The October Man by Ben Aaronovitch

The October Man begins with what I have come to think of as a hallmark of Ben Aaronovitch‘s Rivers of London: a death that is in nearly equal measure grisly, fascinating and supernatural. This novella offers “a suspicious death with unusual biological characteristics.” (p. 4) The narrator’s local police liaison adds, a few pages later, “The paramedics declared it a biohazard.” (p. 8)

The October Man by Ben Aaronovitch

In contrast to the other books in the series that I have read, The October Man gives readers rivers but no London. The story is set in and around the German city of Trier, and the narrator is not Peter Grant but Tobias Winter. He is a member of a special unit within Germany’s Federal Criminal Police Office, the Bundeskriminalamt or BKA (pronounced in German like “bay-kah-ah”). He knows more magic than Grant, though his relations with the head of his department within the BKA are perfectly correct but not warm. She’s originally from eastern Germany, he’s from westernmost parts and from a police family too, whereas it’s implied that magical practitioners in East Germany skirted even what passed for law in the communist times. All of that, though, is background for future intrigues within the bureau for Complex and Diffuse Matters (Komplexe und diffuse Angelegenheiten, KDA) — the perfectly German bureaucratic name for Winter’s department.

His liaison in Trier is a young and ambitious police officer named Vanessa Sommer, her last name being the German word for summer. “It might have been a coincidence but someone, I knew, somewhere, was enjoying a laugh at my expense.” (p. 6) She is not only fiercely competent but also an expert in winemaking, and the sorts of crimes that go along with it. Trier is near the heart of the Mosel, one of Germany’s premier wine regions. The Mosel is also the river that flows past the city. Like London’s, Trier’s river also has an incarnation; unlike London’s, Trier’s presents as a wildly enthusiastic and precocious five-year-old girl. Sommer and Winter don’t meet her until later, but the chain of events leading to the meeting starts with the potentially biohazardous corpse: it’s discovered on a riverbank.

He had been a tall, well-built man, going to fat with the onset of middle age. But you wouldn’t be able to say what his skin colour was, because the whole of his body was covered in what looked like short, grey-coloured fur like the pelt of an animal. …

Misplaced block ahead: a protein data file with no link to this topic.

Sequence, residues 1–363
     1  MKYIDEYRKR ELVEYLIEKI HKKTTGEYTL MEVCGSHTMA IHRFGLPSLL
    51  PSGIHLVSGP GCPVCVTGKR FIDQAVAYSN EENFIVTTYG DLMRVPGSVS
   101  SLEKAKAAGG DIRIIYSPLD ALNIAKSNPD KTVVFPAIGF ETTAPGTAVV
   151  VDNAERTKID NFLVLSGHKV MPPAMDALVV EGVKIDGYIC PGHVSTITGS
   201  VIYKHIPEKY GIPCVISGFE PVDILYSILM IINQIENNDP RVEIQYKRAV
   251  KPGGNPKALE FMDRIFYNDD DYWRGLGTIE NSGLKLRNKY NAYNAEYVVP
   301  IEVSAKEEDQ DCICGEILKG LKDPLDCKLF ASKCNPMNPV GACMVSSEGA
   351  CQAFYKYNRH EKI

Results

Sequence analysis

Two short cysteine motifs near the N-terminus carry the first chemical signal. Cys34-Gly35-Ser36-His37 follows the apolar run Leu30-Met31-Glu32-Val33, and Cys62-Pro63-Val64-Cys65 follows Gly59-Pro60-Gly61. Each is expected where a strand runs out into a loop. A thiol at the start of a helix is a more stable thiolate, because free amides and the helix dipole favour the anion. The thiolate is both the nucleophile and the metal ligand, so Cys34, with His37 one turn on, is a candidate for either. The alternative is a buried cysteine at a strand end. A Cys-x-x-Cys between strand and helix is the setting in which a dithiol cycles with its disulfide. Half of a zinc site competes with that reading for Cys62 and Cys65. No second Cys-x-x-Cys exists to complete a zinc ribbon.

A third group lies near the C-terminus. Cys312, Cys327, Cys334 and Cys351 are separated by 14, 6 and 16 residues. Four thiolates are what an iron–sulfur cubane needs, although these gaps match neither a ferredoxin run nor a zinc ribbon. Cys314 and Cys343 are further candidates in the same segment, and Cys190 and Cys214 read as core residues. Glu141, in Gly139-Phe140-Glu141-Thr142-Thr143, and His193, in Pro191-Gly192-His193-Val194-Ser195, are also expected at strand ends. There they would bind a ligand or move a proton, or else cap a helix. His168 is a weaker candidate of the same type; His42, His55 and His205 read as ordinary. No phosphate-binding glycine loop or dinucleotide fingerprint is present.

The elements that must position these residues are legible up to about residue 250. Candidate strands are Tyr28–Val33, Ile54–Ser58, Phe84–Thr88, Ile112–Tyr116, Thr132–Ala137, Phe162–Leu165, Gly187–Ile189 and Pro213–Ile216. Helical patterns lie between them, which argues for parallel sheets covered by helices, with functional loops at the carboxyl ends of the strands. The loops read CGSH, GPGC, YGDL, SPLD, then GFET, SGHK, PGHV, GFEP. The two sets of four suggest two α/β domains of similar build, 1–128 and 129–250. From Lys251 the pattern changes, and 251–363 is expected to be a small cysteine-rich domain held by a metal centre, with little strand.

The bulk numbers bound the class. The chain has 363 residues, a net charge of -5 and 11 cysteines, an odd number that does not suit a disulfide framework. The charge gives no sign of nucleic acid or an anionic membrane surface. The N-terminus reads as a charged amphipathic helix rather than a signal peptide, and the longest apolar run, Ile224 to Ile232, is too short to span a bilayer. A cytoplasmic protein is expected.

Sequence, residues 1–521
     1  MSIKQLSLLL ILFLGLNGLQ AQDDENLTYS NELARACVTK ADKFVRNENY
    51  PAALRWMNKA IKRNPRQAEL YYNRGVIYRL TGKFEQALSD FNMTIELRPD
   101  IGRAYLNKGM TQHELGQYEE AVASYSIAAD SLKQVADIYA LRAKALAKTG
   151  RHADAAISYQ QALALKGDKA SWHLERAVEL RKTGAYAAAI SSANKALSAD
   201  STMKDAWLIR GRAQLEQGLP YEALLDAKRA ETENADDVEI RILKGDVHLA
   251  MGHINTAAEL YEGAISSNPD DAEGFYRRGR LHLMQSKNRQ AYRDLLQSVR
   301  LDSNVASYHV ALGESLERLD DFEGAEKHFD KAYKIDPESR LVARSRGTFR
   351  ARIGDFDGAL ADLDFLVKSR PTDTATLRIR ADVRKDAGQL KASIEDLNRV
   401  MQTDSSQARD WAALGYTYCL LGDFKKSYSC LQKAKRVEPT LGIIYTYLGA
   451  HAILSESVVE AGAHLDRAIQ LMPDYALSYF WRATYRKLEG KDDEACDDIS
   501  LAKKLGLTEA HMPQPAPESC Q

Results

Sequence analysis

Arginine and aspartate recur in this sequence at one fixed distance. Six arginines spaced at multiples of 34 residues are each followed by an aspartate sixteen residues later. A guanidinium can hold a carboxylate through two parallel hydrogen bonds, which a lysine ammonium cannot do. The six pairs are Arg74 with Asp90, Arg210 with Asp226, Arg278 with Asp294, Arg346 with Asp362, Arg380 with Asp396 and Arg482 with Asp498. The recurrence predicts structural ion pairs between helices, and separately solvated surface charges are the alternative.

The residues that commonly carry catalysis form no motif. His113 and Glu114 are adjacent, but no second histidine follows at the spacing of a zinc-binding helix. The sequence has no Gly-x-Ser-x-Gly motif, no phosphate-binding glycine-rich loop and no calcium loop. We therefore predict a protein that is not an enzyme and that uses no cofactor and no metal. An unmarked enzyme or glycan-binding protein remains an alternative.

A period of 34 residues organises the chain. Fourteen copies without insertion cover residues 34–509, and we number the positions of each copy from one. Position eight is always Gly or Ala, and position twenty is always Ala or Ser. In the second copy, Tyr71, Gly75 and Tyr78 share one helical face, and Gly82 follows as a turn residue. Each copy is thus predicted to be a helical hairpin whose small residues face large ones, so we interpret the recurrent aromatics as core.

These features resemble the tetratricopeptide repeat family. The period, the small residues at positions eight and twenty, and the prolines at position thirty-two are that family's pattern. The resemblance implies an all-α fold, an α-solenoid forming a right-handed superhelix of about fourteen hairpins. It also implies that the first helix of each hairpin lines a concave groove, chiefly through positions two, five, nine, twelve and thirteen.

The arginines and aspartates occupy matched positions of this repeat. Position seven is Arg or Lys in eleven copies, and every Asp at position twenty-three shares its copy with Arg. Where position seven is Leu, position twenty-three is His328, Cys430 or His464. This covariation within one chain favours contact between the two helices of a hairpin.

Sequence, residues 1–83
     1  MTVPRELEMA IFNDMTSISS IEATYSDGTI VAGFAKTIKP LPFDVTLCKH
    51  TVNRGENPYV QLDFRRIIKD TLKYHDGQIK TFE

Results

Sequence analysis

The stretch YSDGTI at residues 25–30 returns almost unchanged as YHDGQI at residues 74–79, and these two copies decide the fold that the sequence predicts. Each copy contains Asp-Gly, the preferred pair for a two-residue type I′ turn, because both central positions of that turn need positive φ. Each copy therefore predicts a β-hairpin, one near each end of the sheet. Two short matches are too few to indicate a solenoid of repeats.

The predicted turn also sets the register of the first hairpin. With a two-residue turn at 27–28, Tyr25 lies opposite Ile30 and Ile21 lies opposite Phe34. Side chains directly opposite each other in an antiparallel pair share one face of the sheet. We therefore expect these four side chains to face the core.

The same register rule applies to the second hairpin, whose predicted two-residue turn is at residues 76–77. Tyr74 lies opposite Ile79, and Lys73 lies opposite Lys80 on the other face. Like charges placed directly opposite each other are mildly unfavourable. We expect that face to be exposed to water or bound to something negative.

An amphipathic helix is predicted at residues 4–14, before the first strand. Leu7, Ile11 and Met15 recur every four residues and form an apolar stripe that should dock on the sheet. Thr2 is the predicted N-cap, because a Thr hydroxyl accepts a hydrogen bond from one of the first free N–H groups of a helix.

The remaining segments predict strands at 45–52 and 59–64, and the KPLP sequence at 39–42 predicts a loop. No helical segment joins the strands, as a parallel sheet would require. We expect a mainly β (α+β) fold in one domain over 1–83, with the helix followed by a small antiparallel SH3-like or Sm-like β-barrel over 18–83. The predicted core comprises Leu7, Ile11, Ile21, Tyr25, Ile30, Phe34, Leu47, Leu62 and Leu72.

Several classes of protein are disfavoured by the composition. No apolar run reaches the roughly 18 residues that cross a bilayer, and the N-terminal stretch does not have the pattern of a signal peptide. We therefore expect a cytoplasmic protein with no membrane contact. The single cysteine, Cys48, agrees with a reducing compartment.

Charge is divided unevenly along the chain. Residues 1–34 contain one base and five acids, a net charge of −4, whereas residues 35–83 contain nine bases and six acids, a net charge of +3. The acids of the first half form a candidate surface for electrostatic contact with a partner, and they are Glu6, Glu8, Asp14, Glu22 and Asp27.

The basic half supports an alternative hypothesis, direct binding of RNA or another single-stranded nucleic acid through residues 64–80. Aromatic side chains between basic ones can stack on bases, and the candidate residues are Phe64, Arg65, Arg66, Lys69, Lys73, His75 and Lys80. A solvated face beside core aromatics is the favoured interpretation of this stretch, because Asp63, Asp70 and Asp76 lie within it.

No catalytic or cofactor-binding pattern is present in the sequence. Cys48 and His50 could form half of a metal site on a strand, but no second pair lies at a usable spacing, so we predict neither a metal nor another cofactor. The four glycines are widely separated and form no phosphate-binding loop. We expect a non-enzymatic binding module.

“What is it?” asked [local police investigator] Förstner.
“A fungal infection of the division Ascomycota,” said [the KDA coroner]. “It covers ninety per cent of his body but is particularly concentrated at his feet, groin and armpits.”
“According to our timeline,” said Förstner, “he can’t have been dead for more than three hours.”
“Then the speed of growth is almost miraculous,” said [the coroner], looking at me as she said it. “The growth on the skin is also anomalous. I’m not a mycologist but I believe you only get this formation when the fungus is forming reproductive organs.” (pp. 16–18)

When the coroner rattles off a few more facts, Sommer shows that she knows the exact fungus involved, Botrytis cinerea. Among vintners it’s known as “noble rot,” and is sometimes used to impart particular flavors to wine. It’s never been known to jump to humans, let alone to grow at a rate that could cover almost all of a human body within hours, and grown quickly enough in the lungs to suffocate the victim.

And with that, the investigation is underway. Who was he? Why was he killed? And why in that particular way at that particular place? Does it have anything to do with the owners of the winery on the hills above where his body was found? Along the way, Winter learns more about what the Nazis did with magic in the area during the war, about history that goes back much further, and about the very human foibles of some decidedly non-human entities.

Aaronovitch’s trademark humor is no less witty for being translated into Germany. Investigator Förstner is the head of the local police branch that “dealt with homicide, kidnapping and all the other crimes that make interesting television.” (p. 13) It’s likely that Aaronovitch is also taking a gentle poke at one of Germany’s top-rated television series. Tatort (Scene of the Crime) has been a staple of German TV for more than half a century and specializes in exactly that sort of crime. Later on, when noting a detail about the Newtonian synthesis and English magic, Winter recalls “what the Director calls the maddening Anglo-Saxon vagueness of British wizardry.” (p. 69) More sinisterly, “But there are people, and things that look like people, for whom death is just the beginning of a career.” (p. 97)

The October Man is brief, at just under 180 generously set pages, and I think I would have enjoyed a bit more. On the other hand, Aaronovitch certainly leaves the door open for more investigations featuring Winter and Sommer. There’s no telling what will walk through that door.

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